Further, the difference between American Golden and English Goldens extend much deeper than their coloring. English Cream Golden Retrievers tend to have differences in body shape and facial features — which includes a broader head, round; level eyes, and a heavier build. While English Golden Retrievers have less hair, it is important to consider that all retrievers shed just as much. As a matter of fact, all Golden Retrievers experience profuse shedding during the fall and spring. In the case of English Golden Retrievers, the shedding can appear less noticeable. Therefore, regularly brushing your Golden Retriever at least two times per week is recommended to help eliminate shedding.


Overall Health:

Golden Retrievers are active dogs that require a lot of exercises. What makes Goldens the perfect family pet is that they are highly intelligent and easy to train. These even-tempered dogs tend to be well – behaved and social. Nevertheless, some Goldens may experience separation anxiety if left alone for extended periods. Generally, this breed is prone to cancer, hip dysplasia, elbow dysplasia, cataracts, as well as hypothyroidism. Moreover, the average lifespan for a Golden Retriever is approximately 10 to 11 years. Remarkably, some evidence may suggest that English Cream Golden Retrievers tend to have a slightly longer lifespan than American Goldens, as well as a lower cancer rate. However, it is imperative to understand that the color of a Golden Retriever is not what determines its temperament, longevity, or intelligence. Rather, providing the proper amount of care will help ensure a happy and healthy life for your Golden Retriever.

Despite the lighter colored coat, English Cream Golden Retrievers are still formally recognized as Golden Retrievers. English Golden Retrievers differ from American Golden Retrievers as a result of the different breeding standards that are used. These subtle genetic differences not only include coloring and body shape, but also may suggest evidence of improved health and quality of life in English Golden Retrievers. Golden Retrievers are highly intelligent and make loyal companions. Consider an English Cream Golden for the perfect family pet!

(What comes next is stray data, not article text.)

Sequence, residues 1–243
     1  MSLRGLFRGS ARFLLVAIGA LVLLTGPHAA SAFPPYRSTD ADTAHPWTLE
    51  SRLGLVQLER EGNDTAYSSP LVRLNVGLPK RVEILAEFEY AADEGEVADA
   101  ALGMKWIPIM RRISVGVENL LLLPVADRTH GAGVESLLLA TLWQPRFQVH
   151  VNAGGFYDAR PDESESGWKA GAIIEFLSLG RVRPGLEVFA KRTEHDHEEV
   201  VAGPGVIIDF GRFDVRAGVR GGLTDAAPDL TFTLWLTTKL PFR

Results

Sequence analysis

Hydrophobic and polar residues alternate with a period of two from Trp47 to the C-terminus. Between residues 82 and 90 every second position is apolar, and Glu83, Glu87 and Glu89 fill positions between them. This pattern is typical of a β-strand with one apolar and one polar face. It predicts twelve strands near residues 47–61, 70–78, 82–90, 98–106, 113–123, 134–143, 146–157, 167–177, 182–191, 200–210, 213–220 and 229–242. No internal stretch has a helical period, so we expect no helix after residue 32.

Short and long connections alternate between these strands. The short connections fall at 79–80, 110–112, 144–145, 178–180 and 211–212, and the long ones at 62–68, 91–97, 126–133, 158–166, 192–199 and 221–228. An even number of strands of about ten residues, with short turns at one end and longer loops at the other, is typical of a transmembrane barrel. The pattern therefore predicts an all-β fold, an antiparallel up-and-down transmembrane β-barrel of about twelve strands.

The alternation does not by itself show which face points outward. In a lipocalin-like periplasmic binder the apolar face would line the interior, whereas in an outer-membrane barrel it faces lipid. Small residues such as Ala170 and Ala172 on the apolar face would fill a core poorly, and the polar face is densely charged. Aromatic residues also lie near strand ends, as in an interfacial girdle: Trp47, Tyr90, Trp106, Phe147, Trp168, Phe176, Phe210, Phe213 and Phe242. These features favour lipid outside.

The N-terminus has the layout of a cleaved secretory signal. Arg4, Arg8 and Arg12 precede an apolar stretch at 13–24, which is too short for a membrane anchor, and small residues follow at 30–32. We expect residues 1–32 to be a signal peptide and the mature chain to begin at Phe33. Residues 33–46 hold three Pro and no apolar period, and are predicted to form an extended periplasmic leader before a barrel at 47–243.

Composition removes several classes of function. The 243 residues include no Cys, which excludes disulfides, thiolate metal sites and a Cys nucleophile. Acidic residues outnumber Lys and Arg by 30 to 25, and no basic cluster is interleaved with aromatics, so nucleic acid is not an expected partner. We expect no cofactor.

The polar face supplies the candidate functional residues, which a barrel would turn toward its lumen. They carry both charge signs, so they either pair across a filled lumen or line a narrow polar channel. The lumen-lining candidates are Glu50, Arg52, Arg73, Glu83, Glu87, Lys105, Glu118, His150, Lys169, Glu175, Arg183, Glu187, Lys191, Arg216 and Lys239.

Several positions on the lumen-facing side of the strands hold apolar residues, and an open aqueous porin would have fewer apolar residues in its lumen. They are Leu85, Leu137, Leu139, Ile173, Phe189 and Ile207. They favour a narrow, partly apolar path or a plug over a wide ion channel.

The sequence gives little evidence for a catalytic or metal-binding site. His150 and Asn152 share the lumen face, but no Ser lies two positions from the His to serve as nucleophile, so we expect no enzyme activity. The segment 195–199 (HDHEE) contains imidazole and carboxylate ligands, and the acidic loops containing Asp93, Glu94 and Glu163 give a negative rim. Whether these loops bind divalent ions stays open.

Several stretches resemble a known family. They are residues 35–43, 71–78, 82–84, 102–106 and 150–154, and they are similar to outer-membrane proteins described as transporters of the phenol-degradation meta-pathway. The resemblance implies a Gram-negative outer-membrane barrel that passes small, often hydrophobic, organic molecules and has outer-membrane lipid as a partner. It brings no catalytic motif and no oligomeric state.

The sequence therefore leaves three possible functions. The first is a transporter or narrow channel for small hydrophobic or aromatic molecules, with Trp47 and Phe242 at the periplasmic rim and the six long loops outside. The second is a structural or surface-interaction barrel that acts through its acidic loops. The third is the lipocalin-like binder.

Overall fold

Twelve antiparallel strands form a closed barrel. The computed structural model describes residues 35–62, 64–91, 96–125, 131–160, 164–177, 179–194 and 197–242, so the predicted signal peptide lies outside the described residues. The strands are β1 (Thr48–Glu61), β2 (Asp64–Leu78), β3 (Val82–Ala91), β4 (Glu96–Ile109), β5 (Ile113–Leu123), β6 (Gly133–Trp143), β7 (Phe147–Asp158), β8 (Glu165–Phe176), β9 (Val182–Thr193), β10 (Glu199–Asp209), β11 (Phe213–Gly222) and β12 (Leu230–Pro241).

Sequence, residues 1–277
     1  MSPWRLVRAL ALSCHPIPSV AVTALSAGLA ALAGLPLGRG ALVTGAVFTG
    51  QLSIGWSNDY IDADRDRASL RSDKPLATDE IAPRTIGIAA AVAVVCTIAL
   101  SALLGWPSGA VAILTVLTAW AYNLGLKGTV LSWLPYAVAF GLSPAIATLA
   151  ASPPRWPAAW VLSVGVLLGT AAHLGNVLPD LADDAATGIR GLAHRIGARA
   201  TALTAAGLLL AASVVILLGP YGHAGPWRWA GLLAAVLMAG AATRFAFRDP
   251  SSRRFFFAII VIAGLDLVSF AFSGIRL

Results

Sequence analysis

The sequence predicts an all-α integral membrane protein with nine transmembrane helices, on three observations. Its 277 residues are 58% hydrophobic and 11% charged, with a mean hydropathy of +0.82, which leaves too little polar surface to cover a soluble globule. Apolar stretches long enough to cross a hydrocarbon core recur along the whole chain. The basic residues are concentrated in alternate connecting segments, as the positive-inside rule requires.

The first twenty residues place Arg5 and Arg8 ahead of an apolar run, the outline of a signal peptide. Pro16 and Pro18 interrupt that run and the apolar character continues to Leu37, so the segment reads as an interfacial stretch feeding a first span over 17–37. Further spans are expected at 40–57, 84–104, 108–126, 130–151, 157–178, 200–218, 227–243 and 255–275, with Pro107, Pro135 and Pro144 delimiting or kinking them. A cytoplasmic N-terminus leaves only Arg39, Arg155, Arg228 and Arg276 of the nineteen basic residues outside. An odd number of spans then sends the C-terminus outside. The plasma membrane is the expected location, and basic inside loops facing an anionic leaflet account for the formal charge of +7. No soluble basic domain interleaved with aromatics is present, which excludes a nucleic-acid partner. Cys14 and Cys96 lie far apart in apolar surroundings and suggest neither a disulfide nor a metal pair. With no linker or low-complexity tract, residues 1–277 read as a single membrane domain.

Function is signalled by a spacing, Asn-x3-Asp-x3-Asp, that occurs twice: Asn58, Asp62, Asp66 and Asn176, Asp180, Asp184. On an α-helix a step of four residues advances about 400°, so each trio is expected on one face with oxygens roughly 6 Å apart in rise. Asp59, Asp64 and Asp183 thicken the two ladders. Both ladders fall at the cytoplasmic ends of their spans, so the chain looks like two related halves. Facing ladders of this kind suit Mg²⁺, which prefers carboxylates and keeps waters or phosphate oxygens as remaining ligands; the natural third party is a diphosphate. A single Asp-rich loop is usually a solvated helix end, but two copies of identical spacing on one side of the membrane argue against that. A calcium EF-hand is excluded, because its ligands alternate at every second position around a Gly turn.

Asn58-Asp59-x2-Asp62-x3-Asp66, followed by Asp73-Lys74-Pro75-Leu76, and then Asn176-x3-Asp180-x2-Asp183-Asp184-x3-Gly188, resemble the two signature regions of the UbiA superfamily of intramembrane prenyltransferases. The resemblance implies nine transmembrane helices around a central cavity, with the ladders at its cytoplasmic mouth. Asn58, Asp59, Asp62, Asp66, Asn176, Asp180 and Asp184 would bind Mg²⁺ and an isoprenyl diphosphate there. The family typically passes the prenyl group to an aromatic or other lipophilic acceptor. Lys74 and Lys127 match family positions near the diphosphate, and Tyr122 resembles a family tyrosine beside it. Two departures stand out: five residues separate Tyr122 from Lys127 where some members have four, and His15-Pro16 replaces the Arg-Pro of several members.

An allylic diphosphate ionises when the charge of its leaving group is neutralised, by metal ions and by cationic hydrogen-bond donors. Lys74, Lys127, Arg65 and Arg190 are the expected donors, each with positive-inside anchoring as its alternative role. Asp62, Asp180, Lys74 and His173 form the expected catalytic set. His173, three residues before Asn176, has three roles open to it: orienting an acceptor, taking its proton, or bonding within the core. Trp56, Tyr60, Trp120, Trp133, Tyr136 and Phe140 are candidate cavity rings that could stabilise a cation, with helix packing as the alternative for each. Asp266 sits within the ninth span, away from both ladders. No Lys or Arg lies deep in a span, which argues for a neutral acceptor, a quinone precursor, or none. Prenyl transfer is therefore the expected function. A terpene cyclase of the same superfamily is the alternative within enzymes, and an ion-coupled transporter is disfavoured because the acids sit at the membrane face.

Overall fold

White Golden Retriever

white golden retrieverThe white golden retriever, also called the English cream golden retriever, might appear to be a different species than its tawny American cousin. In fact, despite the former’s platinum coloring, it is just as much a golden retriever as the darker dog.

Whereas the American Kennel Club influenced the development of the classically gold-coated golden retriever, the Kennel Club of the UK governed the development of the white golden retriever and all of its unique characteristics.

English White Golden Retriever vs. American Golden Retriever

The differences between the American and English golden retriever go beyond coat color. White golden retrievers tend to have more level shoulder-to-tail profiles, or toplines, while the American goldens have sloping backs. The English cream’s head is wider, its eyes are bigger and rounder, and its ears are are set lower and further forward than its counterpart. Its tail extends level with its back and does not have the upward curve of the American variant’s tail.